4 Ideas to Up Your Wintery, Holiday Cooking
How I’m making the long hours indoors cozier than cozy
This article is part of our monthly issue "A Culinary Christmas Carol," in which we explore traditional and modern takes on holiday dishes from around the world. Using the framework of Christmas Past, Present, and Yet to Come, we'll share fun recipes, last minute gift ideas, tips for cooking a small feast in case you're social distancing, and plenty of light-hearted holiday content for you to unwind with. Check out this link to find an overview of all our weekly topics, stories, recipes, and more.
Oddly enough, I’ve spent my last few Christmases having hot pot with family and friends back in China. Although the pandemic doesn’t allow me to physically be there, sitting in a Sichuan hotpot restaurant that stays open until 3AM in the morning, I am still secretly hoping for a hot meal. This year for me, it might be a sukiyaki or another Asian stew paired with mulled wine and WeChat video calls. This time of year it’s going to be different, which we can all relate to, whether you celebrate Christmas or like me, don’t.
You, like me, are probably already tired of hearing the phrase the “new normal”. But for me personally, cooking might actually be the easiest place to step out of my comfort zone (from the comfort of my home), have a try, and possibly fail. Have you ever looked at a batch of failed cookies and laughed? I have. Experimenting a little and having some projects going on in the kitchen can still bring delight—especially at a time when the winter blues are all too real.
1. Upgrade your baking game with new ingredients
Even if you can escape Christmas cooking, like me, the fun of baking and eating cookies (preferably in bed) is not something I want to miss out on. If you want to try something different, the simplest step is always to add new ingredients. Look no further, you might already have them in your pantry: I’m favoring matcha, miso, tahini, black sesame seeds, and Chinese five-spice. They may not be completely new, but they are each so underrated in the wonderland of Christmas baking.
Flourless five-spice chocolate cake with ginger cream
We tried these instagram-famous Neapolitan cookies in the test kitchen, which made it to the list of best cookies of 2020 and ‘the’ cookie of the season. Unprecedentedly bold, I even experimented with powdered goji berries for an orangey shade. They turned out fabulous and perfectly swap-worthy.
Making them is rather easy: Use a basic sugar cookie or butter cookie recipe (like these Sablés), divide the doughs, mix them with different natural food coloring or flavors, and combine them into a ball again, roll them out, and cut out the shapes.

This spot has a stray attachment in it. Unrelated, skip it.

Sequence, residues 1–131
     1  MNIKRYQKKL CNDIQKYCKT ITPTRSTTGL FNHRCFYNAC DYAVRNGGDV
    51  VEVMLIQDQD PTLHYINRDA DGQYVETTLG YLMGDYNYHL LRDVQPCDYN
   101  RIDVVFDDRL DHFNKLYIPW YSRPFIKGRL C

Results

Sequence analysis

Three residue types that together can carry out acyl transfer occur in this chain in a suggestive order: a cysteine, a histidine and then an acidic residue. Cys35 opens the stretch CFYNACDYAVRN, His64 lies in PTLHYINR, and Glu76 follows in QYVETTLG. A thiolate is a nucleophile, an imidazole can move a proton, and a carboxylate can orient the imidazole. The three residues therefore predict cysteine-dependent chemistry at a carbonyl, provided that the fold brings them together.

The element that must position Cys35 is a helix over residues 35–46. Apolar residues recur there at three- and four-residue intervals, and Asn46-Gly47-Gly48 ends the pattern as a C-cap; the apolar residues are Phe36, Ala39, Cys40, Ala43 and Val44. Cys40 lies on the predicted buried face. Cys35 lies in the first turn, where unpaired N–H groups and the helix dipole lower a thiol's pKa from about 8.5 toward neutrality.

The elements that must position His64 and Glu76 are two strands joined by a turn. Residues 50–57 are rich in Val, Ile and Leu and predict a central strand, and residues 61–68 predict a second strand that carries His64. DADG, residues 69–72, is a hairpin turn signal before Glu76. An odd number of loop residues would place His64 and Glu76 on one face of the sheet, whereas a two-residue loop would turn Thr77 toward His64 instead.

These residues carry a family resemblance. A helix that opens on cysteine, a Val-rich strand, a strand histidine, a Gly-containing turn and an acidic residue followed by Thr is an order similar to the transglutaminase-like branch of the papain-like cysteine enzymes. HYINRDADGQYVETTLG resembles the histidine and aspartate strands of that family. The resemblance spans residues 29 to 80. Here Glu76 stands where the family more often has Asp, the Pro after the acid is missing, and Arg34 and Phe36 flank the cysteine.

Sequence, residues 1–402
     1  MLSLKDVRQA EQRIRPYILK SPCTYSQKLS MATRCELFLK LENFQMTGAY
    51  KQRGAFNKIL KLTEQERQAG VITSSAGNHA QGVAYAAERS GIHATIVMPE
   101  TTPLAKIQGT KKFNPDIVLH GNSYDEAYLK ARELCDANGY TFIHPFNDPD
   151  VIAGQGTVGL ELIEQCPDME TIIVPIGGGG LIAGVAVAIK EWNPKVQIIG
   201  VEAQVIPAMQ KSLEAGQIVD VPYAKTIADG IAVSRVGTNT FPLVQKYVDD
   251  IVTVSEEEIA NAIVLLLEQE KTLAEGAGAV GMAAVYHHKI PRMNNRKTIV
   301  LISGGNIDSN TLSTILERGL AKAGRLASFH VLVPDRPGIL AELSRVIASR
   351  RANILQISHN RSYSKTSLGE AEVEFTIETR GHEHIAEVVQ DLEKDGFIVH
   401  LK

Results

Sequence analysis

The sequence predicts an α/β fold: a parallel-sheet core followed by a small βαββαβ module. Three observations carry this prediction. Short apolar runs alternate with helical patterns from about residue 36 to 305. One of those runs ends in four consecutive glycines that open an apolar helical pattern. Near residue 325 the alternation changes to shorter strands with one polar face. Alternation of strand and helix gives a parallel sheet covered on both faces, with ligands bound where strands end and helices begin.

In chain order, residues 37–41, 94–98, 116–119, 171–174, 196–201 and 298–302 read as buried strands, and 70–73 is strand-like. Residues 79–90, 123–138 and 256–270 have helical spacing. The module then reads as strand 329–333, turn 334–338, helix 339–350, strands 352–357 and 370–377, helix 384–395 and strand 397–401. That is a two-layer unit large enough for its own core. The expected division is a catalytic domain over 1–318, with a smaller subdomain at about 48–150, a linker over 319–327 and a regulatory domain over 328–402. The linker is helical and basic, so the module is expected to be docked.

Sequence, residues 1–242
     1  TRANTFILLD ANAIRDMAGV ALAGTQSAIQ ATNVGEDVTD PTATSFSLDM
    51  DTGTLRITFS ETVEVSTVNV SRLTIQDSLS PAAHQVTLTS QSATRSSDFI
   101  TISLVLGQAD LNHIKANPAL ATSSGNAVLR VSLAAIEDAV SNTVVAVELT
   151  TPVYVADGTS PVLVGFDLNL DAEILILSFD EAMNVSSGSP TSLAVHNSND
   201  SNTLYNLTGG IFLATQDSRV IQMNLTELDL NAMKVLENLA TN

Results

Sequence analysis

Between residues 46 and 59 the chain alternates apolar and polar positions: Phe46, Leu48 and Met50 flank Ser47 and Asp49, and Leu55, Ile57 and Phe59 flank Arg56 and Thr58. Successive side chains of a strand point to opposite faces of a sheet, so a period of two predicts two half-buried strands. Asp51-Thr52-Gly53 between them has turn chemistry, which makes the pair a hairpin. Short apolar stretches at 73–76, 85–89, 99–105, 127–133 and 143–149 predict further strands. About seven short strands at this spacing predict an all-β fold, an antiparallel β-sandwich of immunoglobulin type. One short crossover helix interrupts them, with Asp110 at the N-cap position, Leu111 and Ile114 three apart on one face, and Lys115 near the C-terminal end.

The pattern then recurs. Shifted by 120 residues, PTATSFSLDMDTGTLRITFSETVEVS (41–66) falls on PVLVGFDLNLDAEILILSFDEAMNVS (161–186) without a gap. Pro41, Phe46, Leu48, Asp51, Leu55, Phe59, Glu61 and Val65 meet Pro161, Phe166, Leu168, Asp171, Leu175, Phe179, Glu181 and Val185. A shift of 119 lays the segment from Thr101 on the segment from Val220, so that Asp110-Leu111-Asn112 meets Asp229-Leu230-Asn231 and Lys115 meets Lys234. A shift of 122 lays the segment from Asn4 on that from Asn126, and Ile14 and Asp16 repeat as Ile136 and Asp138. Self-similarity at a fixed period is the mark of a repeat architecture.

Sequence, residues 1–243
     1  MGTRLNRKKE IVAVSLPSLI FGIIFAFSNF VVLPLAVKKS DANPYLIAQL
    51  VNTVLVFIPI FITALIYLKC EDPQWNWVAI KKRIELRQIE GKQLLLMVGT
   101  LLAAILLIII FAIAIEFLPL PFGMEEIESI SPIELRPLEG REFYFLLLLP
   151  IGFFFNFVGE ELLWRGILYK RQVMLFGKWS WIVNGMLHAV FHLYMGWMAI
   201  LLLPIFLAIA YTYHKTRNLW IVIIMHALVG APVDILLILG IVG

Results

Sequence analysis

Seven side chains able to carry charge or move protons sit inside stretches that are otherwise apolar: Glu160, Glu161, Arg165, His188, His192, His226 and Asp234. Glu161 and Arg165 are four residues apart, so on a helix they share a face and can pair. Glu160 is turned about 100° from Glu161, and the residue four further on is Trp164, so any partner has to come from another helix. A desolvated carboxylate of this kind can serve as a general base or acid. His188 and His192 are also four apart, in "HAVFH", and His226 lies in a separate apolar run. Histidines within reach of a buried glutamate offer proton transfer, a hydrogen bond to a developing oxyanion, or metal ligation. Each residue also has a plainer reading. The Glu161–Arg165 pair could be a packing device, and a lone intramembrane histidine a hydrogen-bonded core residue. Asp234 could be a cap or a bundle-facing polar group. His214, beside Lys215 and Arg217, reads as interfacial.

2. Make your spread different this time
When it comes to the celebratory meal, inspiring your table with novelty doesn’t mean an endless ingredient list and preparation time. Think of the glaze to your roast, the butter to your bread, and all the dips and sauces. Here are a few not-overly-stressful but different choices:
Duck pancakes with cucumber, pomegranate, and hoisin sauce
Roast lamb with mint sauce
Steak with celery root rösti and kimchi butter
5-ingredient honey-miso ribs
3. Cure the fomo of this year’s food trend
This year’s quarantine time truly made a few things shine on social media: dalgona coffee, sourdough, hot chocolate bombs. Boredom is a great excuse to tick these food trends off the list: to try at least once (or one last time) and later be filled with the pride of “been there, done that”.
However, you could also make them more festive: A glass of Dalgona coffee infused with chai spice (add it when whipping the coffee with sugar)? Make sourdough cookies with colorful frosting! What about finally baking the garden focaccia but with some festive decorations? And, hot chocolate bombs can be dropped other hot drinks too: Irish coffee anyone?
Sourdough banana bread
TikTok’s viral hot chocolate bombs
4. Non-alcoholic drinks are the new black
For many, the holidays go hand in hand with drinks—followed by Dry January. Instead of promoting a dry December, I would rather assert that non-alcoholic drinks should be exciting this year when massive celebratory events are on hold. The fact is, they’re also having a moment in recent years, in an enjoyable rather than abstinent way. Flipping through Julia Bainbridge’s cookbook Good Drinks can be a great source of inspiration, but a few cups of mulled wine will always be forgiven. Or you always mull apple juice!
Salty elderflower fizz
Raspberry tea and rosemary sour
More recipes worth trying!
Of course, throughout the season, we’ll continue to fill your festival table with loads of ideas! Stay tuned for more.
Hanna tries to make a floral jello cake
Published on December 16, 2020